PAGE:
The White House has settled on the number of troops it wants to leave in Afghanistan post-2014: 10,000. Gen. John Allen had recommended keeping between 6,000 and 15,000 troops there after formal combat ends to train Afghan troops and fight terrorism. The Obama administration's final choice may signal its belief that such a number would be palatable to Americans and Afghans and not overly strain our military, the Wall Street Journal reports. Defense analysts, on the other hand, have recommended a presence as large as 30,000 in order to maintain stability.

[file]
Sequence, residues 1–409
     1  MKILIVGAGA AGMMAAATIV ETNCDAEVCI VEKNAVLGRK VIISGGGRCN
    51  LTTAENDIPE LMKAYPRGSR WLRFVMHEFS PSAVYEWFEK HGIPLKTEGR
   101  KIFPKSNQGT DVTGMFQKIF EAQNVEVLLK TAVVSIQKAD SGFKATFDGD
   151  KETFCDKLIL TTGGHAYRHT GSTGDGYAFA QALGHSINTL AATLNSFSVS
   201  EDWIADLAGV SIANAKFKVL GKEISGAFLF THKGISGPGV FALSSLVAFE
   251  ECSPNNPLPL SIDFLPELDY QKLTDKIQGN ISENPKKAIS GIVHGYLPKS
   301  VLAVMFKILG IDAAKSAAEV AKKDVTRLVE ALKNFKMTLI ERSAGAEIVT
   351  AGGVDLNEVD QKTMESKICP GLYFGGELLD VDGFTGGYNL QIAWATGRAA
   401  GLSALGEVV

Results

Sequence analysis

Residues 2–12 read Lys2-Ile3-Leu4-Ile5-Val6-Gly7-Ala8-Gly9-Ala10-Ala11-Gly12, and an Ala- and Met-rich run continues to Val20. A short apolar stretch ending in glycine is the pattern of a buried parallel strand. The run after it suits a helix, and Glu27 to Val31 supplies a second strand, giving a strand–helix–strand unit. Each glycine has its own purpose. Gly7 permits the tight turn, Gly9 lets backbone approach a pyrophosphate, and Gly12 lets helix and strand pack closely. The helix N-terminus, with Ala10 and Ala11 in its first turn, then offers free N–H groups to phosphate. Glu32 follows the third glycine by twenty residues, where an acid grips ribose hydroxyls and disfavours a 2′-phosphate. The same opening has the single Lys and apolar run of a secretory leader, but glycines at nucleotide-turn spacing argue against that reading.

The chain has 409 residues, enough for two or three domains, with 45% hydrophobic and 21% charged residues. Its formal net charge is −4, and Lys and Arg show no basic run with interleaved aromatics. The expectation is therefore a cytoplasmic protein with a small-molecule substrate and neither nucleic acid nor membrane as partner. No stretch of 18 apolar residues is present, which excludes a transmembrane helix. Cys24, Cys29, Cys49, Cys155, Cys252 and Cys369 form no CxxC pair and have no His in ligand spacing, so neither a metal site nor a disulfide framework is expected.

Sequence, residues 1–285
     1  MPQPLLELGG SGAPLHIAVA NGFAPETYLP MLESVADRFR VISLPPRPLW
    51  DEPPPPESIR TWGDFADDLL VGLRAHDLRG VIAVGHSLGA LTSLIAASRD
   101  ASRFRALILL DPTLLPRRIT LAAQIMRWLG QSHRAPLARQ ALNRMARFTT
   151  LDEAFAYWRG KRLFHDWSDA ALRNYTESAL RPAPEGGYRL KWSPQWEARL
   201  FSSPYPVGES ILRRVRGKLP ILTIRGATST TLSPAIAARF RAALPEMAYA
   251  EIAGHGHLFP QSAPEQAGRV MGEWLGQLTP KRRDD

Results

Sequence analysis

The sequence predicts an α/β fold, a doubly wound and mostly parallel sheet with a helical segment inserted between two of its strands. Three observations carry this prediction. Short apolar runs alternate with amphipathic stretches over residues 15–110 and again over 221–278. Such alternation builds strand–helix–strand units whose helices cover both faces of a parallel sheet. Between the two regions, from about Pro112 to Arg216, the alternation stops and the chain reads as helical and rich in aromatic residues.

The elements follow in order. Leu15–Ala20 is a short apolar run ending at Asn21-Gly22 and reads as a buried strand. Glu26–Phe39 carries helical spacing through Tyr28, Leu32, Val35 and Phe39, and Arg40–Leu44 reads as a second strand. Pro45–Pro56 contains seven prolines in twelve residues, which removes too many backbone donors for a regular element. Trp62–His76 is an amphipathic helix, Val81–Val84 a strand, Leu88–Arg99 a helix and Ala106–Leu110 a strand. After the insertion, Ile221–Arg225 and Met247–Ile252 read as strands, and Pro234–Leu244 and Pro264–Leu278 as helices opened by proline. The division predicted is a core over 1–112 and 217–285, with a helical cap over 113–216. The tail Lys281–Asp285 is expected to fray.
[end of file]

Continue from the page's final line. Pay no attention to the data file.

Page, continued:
White House officials hope to find agreement with Kabul on the number before determining how the withdrawal of the 66,000 troops currently in the country will be paced over the next two years. But Hamid Karzai must give the OK to keeping US forces in the country at all, though sources say he's inclined to do so—so long as several demands are met. One of the biggest: He wants those troops to be under Afghan courts' jurisdiction. A similar demand scuttled US-Iraq talks last year, which is why there are no residual US force in that country. (Read more Afghanistan stories.)